Pastry fantasies

Pastry fantasies

Apart from the ubiquitous Christmas tree decorations and lights, there's another thing to look forward to in hotels - their Christmas pastry shops. While most are content to display their seasonal wares in garden variety chiller or shelf displays, there are those who go all out to create a mini fantasy land filled with fragrant gingerbread and yule logs.

Shining brightly this year is the Candy Sweet Christmas tree of Shangri-La, Singapore, which combines Christmas decorations and festive treats - make that 150 candy arrangements and lollipops - in one impressive 5m tall tree.

The brainchild of Reto K Klauser, vice-president and general manager of Shangri-La Hotel Singapore, it took a total 16 hours of work to decorate the majestic tree that stands in the lobby, not counting the time it took to create the structure of the tree. Made of galvanised steel, it took more than one month to create, after which the hotel's engineering team spent 11 hours setting up the structure in the hotel lobby, while the placement of the floral candy arrangements and giant lollipops took the pastry team and florists five hours.

Their arrangements, such as their "Winkle Stalk Loli-Poppin", a vibrant crimson and pink piece with shimmery stalks atop a lollipop cupcake; or their "Tutti Fruity Cage" made of candies in cactus flora inside a bird cage, are designed and hand crafted by well-known floral designer Brenda Lee Montiero of Fiore Dorato together with the pastry team at Shangri-La. Selling at a minimum donation of S$250 and S$50 respectively, proceeds go to the VIVA Foundation for Children with Cancer.

Another hotel playing up the fantasy element is the Orchard Hotel, with its Christmas glass house. Known for their extravagant houses, this year it has created a one-storey see-through glass Christmas House, complete with (fake) falling snow.

"We wanted a modern spin to the classic fairy tale house, which has always fascinated both young and old. Orchard Hotel's Christmas Glass House definitely draws people to it with its delicious aromas of Christmas treats while sporting a classy see-through façade with falling 'snow' all day long," said Raiz Mahmood, general manager of Orchard Hotel Singapore.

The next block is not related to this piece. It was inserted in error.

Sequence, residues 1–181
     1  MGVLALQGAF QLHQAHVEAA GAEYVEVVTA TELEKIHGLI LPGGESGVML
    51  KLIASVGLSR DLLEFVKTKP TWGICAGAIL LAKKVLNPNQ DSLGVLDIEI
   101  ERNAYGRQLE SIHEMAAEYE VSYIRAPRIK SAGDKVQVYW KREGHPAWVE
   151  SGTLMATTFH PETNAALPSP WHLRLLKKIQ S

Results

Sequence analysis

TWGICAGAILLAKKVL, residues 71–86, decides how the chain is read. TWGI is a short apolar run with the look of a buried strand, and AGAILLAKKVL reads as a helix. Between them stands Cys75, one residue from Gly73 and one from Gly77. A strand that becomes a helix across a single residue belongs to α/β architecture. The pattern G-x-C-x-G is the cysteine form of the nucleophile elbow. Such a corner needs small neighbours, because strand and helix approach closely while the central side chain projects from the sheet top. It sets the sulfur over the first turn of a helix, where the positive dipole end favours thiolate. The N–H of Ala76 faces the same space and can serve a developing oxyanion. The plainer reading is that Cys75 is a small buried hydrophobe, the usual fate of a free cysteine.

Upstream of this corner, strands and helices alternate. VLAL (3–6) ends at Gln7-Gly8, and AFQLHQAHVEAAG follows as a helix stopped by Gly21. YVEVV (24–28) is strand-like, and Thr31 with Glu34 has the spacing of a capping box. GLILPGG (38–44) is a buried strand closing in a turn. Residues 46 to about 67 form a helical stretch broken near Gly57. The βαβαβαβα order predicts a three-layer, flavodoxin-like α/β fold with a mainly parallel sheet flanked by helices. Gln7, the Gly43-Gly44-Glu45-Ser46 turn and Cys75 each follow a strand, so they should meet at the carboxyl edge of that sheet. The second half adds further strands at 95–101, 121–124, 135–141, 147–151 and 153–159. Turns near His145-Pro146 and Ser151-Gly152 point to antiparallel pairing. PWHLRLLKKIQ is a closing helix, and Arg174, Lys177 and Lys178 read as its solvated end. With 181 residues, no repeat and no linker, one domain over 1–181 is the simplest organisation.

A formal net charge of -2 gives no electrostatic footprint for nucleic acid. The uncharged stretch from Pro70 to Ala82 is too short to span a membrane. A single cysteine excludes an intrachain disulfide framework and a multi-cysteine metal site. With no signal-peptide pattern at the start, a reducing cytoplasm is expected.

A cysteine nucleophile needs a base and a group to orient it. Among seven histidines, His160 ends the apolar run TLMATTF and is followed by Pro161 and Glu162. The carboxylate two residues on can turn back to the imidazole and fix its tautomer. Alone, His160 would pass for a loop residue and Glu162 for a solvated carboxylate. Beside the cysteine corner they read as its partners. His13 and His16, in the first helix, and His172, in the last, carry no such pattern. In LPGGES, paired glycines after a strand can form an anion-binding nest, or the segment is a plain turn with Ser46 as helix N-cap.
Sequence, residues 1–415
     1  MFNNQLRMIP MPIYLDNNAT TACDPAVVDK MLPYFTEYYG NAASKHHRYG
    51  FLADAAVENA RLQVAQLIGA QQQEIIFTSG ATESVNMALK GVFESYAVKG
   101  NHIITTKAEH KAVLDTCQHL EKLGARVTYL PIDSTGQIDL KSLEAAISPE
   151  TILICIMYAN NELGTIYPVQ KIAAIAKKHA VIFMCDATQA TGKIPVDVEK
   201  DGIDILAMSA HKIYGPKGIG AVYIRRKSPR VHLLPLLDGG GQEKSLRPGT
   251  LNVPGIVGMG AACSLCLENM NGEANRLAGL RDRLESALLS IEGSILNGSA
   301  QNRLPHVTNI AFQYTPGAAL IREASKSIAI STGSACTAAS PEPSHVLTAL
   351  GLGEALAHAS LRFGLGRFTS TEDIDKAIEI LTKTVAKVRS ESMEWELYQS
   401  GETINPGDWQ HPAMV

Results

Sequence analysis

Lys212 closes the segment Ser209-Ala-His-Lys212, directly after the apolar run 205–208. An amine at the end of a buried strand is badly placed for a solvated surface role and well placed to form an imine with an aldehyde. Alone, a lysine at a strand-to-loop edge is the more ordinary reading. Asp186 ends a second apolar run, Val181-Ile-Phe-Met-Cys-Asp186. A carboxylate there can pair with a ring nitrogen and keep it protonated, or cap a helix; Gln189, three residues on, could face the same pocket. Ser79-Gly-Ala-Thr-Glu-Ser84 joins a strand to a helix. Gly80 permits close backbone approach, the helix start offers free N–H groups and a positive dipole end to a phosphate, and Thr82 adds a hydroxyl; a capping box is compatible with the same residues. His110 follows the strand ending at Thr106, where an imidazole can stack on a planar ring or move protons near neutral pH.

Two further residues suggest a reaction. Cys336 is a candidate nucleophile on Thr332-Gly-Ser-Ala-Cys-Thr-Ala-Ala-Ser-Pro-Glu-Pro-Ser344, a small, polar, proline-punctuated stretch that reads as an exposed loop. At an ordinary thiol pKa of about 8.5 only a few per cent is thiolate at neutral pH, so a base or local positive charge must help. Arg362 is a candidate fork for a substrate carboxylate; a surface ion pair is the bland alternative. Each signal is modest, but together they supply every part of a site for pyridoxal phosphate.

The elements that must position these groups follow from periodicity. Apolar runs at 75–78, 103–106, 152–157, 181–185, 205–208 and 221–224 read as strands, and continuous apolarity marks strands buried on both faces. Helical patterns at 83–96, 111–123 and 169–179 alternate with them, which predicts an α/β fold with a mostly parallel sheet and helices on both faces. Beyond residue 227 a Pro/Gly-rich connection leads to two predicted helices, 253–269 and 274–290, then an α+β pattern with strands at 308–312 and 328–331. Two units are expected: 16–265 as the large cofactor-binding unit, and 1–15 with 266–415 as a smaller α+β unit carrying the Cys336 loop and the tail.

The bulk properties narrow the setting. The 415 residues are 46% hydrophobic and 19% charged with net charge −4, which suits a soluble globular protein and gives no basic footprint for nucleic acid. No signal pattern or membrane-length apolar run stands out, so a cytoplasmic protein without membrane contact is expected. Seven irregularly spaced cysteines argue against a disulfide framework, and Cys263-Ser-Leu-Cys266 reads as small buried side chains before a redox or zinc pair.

Inside, the glass house is filled with festive treats and goodies, like their Snowy Durian Alaskan with Burnt Italian Meringue, all created by the Orchard Hotel pastry team.

If glass houses aren't enough to get you into the Christmas spirit, how about one made of chocolate? Cafe Mocha of Marina Mandarin has taken decorating for the holidays to a whole new level by completely transforming into a chocolate house.

Marina Mandarin director of marketing communications Patricia Yong says: "It has been a tradition for Marina Mandarin Singapore to transform Cafe Mocha into a Santa House during Christmas and embracing different themes each year. Deviating from the gingerbread theme last year, the hotel has undertaken a bolder move this year by using real chocolate and candies to design the Santa House."

The house is coated with a protective layer which ensures the chocolate that covers it does not melt on unsuspecting patrons.

Inside, the Cafe has been converted into a cosy cottage, complete with a Christmas decorated table next to a fireplace (fake, naturally).

Of course, Christmas wouldn't be complete without a gingerbread house...or village. The Fullerton Hotel Singapore has created a gingerbread mini-village, crafted by the hotel's pastry team, which took over two weeks to complete, with 68 handmade gingerbread houses.

"To bring the warmth, joy and splendour of this beautiful festive season to our guests at The Fullerton Hotel Singapore, we have taken special efforts in handcrafting and customising our festive decorations," said Giovanni Viterale, general manager of The Fullerton Heritage.

Sitting on a snowy bed, the village resembles the wintry Swiss Alps, with the gingerbread houses that look like cosy cabins surrounded by snow, and gingerbread men and bears dotted around the display.

To complete the alpine feel, there is even a toy railway and train that passes through the village, and nutcrackers standing guard by the houses.


This article was first published on December 20, 2014.
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